Writing A Growing Season had both the comfort of returning to a (fictional) place and characters we knew well and loved, combined with the challenge of researching and presenting new characters, the details of chile farming, and the complicated issues concerning water use from the Rio Grande.
We wrote A Growing Season to stand alone. It takes place seven years after Sunlight and Shadow’s conclusion. So both books may be read independently, however, the mystery element in Sunlight and Shadow is revealed at the beginning of A Growing Season. We have readers who have read them out of order and still enjoy both, but if you want to preserve the mystery in Sunlight and Shadow, read that one first.
KMR: Your cover art on “A Growing Season” is breathtaking and captures the essence of New Mexico. The same can be said for the artwork on the UNM Press re-release of “Sunlight and Shadow.” Tell us what it was like to work with New Mexico artist Barbara Clark. Did you know her before you signed your contract with UNM Press?
SB: When Nal/Penguin published Sunlight and Shadow, our editor talked about a cover that would focus on the dappled sunlight through a towering cottonwood tree, CeCe’s garden in full bloom, perhaps a basket of chiles…then she went on maternity leave and the cover that ended up being selected had none of that and we didn’t have a say. Granted we didn’t push the issue out of diplomacy and we loved that our names were on the cover—but beyond that we were less than thrilled.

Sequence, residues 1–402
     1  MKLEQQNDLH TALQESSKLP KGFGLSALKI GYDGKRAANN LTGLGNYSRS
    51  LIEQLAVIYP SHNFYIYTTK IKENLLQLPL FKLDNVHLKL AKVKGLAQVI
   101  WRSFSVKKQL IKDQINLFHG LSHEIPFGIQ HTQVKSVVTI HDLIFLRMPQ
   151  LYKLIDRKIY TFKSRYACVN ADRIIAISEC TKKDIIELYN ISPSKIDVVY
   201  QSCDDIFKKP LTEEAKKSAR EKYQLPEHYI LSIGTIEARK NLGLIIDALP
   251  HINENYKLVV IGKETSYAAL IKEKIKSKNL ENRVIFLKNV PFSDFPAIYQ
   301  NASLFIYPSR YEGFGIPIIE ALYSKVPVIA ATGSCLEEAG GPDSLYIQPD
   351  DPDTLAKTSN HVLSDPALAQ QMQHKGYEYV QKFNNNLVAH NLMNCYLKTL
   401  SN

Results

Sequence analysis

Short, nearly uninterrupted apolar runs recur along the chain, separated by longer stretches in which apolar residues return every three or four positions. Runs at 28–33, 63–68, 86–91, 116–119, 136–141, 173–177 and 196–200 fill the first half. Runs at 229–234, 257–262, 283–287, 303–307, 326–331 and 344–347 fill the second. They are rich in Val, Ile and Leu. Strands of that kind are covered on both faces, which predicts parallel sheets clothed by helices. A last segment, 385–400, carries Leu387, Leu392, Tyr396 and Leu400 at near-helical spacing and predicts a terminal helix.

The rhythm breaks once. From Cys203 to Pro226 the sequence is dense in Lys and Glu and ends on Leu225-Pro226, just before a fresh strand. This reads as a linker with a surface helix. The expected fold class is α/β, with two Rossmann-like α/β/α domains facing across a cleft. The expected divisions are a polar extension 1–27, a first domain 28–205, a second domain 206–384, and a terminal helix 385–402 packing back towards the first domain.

So when A Growing Season was under contract, we began searching for New Mexico art that would do justice to a book set in New Mexico and that is so much about the beauty of the land. I went to the Corrales Bosque Gallery and saw work by Corrales artist Barbara Clark who did gorgeous pastels of New Mexico landscapes with arroyos and mountains.
I went home and looked at her website and it was as if I saw the setting of our book come to life. I called Mare and we selected our favorite eight or so and sent them to Clark at UNM Press. He and others at UNM loved them and once we narrowed it down to two or three, UNM Press made the final selection, though they did pick our first choice. I called Barbara Clark and introduced myself and asked if she would be interested in having her work on our cover and she was thrilled. Then after UNM Press decided to re-issue Sunlight and Shadow (and liberate it from its previous cover) it was a no-brainer to select another Barbara Clark painting. We’ve met Barbara on a number of occasions and become friends. She is a fabulous person and amazing artist. Please visit her website: www.bacpastels.com.